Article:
Digitised address system means billions of biz opportunities - EJ Insight



Digitised address system means billions of biz opportunities

Over the past 10 years, the express delivery industry has been regarded as the dark horse in China with express shipments exceeding 10 billion for the first time in 2014 to reaching 100 billion in 2021. Since March last year, the volume of express delivery has been more than 10 billion pieces each single month and reaching 13 billion pieces in November. The average monthly revenue of the business exceeded a record high of 90 billion yuan.

According to a report by market research firm Frost & Sullivan, the mainland's express delivery market reached US$156.9 billion in 2022 and is expected to rise to US$279.8 billion by 2027, an increase of 78% in five years.

In the face of a lack of accuracy in the current postal code, the express delivery companies have established their own coding systems. However, the coding is not uniform across the enterprises, and the address database information is incomplete, resulting in difficulties in the division of labor, and thus hindering the development of the industry. Some voices in the mainland have suggested that digital maps with latitude and longitude should be used to develop a new type of coded address system that is accurate, standardised and digitised, so as to facilitate the exchange of information between express delivery companies and e-commerce, reduce intermediate effort in the sorting and delivery process, thereby saving costs.

It is estimated that if a unified sorting code is used, the total cost of distribution will be decreased by 44%, from 71% cost reduction in delivery vehicles and 41% in delivery personnel.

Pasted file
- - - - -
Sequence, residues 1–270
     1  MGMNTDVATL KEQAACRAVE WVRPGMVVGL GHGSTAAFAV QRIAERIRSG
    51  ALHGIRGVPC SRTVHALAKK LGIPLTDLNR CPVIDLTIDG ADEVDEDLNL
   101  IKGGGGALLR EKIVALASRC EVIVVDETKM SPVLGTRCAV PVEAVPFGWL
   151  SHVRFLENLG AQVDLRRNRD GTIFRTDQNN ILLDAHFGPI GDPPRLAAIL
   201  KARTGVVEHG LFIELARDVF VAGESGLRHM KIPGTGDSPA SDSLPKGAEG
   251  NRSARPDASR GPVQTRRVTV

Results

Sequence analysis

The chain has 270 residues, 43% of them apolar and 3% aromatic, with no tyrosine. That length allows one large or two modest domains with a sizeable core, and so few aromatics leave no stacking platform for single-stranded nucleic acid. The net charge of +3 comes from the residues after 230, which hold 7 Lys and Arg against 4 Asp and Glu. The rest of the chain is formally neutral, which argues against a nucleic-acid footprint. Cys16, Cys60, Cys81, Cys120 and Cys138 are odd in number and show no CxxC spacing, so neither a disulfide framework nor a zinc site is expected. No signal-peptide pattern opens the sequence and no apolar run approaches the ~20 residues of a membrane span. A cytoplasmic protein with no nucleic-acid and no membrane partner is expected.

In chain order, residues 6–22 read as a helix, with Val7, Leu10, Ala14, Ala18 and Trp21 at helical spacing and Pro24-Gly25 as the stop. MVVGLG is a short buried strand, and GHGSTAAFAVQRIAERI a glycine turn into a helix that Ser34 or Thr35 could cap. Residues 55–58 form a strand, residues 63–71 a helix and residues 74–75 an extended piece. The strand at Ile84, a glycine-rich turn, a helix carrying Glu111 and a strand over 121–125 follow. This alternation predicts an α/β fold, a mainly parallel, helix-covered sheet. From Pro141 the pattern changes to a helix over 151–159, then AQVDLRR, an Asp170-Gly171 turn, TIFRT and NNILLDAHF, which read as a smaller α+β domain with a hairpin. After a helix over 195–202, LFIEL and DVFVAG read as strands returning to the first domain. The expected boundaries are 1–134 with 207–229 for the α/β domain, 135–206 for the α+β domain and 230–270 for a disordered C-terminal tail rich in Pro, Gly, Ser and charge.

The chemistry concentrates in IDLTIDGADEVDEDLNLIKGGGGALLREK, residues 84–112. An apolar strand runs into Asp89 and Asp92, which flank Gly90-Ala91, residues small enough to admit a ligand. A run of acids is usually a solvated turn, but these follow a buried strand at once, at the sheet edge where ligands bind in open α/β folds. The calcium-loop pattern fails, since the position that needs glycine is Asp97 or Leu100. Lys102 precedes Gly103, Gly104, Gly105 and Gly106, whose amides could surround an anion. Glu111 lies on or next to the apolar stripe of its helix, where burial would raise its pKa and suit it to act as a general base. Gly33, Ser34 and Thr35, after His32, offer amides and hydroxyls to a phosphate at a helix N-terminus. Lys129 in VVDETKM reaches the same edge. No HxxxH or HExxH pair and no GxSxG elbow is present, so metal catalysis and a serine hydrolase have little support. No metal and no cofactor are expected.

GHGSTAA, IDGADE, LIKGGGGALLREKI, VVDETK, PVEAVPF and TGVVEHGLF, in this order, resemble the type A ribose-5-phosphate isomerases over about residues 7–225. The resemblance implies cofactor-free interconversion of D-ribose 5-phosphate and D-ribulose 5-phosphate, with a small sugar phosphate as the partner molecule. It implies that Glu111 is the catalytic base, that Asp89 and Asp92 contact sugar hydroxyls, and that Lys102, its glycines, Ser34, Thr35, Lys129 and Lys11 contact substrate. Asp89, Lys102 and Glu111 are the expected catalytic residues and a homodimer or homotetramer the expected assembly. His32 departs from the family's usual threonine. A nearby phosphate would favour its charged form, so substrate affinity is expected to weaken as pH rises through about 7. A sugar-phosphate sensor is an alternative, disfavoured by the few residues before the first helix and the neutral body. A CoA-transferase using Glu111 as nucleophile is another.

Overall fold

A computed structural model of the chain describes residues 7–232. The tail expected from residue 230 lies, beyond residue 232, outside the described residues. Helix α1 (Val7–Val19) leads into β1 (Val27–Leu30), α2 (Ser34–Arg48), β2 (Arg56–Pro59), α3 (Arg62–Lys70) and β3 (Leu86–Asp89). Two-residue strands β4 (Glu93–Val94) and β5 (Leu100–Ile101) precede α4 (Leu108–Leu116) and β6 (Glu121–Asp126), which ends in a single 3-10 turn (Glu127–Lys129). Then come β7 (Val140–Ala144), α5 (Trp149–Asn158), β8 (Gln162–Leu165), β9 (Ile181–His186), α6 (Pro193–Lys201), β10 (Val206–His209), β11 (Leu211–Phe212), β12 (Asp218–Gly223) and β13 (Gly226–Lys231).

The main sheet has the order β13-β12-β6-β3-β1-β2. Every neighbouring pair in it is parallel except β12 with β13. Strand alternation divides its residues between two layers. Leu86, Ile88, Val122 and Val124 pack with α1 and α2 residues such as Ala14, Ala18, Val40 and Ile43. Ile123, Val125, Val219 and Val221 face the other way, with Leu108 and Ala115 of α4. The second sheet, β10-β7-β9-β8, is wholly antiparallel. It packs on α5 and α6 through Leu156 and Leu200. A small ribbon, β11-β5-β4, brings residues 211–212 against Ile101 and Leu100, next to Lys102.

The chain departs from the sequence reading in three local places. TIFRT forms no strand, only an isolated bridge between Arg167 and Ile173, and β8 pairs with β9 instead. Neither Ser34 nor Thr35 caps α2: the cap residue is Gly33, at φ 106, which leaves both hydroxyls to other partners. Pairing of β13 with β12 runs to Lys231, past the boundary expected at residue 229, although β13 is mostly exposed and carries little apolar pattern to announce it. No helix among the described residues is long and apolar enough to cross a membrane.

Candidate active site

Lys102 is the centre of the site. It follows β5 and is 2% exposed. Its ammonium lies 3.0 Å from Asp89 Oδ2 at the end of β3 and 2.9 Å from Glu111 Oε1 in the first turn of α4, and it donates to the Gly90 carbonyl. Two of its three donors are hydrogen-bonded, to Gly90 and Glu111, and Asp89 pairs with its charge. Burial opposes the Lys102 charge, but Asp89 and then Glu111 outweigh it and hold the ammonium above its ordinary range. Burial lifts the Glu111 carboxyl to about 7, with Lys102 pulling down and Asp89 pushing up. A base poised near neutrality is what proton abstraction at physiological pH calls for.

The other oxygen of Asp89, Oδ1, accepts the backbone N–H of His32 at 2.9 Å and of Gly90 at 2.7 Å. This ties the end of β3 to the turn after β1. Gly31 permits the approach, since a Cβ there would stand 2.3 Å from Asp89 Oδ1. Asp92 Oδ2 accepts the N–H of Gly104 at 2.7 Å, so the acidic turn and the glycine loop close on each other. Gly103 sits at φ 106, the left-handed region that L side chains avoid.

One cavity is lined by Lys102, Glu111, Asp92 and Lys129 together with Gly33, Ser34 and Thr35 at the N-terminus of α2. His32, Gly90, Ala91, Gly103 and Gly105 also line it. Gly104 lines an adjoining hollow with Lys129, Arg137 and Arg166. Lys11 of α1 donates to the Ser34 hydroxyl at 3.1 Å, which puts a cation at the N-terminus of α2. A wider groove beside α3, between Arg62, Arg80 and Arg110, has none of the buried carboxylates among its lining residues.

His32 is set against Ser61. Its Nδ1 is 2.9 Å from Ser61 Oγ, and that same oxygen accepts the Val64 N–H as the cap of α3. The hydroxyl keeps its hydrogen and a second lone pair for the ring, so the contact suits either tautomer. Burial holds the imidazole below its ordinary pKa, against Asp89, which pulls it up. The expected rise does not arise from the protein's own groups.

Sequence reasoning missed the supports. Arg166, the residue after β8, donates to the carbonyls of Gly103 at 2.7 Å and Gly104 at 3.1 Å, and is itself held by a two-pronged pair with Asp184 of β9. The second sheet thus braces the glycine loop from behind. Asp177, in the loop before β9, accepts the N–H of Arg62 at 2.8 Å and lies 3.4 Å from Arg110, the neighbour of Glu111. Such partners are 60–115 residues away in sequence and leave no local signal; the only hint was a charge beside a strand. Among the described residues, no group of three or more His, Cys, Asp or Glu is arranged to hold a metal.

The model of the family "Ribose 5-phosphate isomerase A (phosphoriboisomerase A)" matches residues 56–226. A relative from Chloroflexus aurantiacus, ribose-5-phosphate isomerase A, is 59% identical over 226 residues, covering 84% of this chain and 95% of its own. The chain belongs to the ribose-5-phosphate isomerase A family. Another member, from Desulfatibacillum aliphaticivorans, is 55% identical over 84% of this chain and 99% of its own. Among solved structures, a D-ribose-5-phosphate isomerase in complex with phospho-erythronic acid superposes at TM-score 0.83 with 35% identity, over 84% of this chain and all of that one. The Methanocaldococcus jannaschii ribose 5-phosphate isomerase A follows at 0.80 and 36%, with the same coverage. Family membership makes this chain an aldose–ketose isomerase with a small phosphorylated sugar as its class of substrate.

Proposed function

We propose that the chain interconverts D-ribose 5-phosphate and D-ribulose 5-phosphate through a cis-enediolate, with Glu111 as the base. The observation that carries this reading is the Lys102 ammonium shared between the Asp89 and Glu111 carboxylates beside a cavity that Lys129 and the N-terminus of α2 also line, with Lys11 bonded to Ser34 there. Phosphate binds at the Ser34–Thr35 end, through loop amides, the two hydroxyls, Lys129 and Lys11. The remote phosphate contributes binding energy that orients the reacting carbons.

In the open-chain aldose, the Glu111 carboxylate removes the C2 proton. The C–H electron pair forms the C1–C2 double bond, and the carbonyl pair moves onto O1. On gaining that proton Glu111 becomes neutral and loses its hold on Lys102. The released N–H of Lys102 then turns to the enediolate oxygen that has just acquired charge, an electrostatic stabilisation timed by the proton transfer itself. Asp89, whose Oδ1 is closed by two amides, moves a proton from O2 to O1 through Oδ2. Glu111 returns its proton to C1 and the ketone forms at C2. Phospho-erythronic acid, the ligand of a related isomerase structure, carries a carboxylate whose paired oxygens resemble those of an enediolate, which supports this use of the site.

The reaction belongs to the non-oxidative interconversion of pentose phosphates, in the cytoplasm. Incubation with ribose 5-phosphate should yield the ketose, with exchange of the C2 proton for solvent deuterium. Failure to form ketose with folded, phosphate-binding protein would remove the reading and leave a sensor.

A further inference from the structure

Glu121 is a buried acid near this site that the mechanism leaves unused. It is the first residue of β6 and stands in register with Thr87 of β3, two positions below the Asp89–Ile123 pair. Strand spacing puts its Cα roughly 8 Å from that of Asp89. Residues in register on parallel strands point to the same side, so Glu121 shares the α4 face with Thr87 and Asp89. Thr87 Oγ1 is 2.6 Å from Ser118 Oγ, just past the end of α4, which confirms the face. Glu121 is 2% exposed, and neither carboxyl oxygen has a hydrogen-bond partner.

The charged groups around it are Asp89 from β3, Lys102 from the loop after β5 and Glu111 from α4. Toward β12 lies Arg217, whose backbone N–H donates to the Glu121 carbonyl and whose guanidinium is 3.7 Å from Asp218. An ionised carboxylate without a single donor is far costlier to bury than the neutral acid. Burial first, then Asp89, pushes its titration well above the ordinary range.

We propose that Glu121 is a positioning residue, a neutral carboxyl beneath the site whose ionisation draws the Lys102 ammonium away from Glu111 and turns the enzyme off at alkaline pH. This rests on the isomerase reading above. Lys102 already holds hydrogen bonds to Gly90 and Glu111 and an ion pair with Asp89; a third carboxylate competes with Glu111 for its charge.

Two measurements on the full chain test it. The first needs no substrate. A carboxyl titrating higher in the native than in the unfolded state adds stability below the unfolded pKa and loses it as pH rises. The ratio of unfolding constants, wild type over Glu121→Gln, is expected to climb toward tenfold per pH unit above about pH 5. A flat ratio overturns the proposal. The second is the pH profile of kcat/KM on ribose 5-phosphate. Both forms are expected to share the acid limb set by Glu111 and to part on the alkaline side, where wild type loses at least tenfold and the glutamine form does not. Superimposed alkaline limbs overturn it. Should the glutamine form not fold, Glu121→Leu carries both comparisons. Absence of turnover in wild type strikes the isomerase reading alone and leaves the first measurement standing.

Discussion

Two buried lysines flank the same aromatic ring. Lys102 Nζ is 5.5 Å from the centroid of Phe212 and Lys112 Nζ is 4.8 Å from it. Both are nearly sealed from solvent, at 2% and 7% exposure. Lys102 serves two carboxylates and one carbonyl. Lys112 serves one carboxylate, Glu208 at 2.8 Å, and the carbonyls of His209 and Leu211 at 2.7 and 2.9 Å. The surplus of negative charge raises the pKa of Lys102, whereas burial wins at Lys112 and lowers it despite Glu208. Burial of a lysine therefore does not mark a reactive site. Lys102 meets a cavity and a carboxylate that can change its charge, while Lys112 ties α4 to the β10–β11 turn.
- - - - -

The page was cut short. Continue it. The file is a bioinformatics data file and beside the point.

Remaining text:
Accurate addresses are indispensable for e-commerce in logistics and distribution, as well as for individual commuting, government services and relief efforts. However, Hong Kong, an advanced metropolitan as claim, still does not have a standard address system nor a postal code, which cause inconvenience to daily activities.

In last December, six Legislative Council Members formed a working group to promote the development of a geolocation coding system, urging the Government to establish a set of geolocation codes as soon as possible to standardise and digitise addresses. The system can facilitate urban planning, infrastructure development, market research, and more, and enable enterprises to harness the power of geographic information to enhance operational efficiency.

The LegCo members also reminded the authorities that the development of geo-coding systems should premise on aligning with the coding systems of the Greater Bay Area and the whole country.
In fact, the Lands Department has already established a set of geo-reference numbers for buildings containing the name and address of each building, site polygons, and road centre lines, and so on.

Through the geographic information system (GIS), users can convert the code into a location on a map to find nearby geographic features. At the same time, the authorities can also convert the geographical locations on the map into geo-code and link up with the existing Common Spatial Data Infrastructure (CSDI), so that a complete and credible 2D geo-coding system can be quickly established without much investment of resources.

There is a huge potential for the commercial development of advanced geo-coding systems, and the GIS involved in this was one of the first to be applied in Hong Kong more than 20 years ago. We should leverage our expertise and experience to benefit the region, the GBA, the country and beyond.




Dr. Winnie Tang
Adjunct Professor, Department of Computer Science, Faculty of Engineering; Department of Geography, Faculty of Social Sciences; and Faculty of Architecture, The University of Hong Kong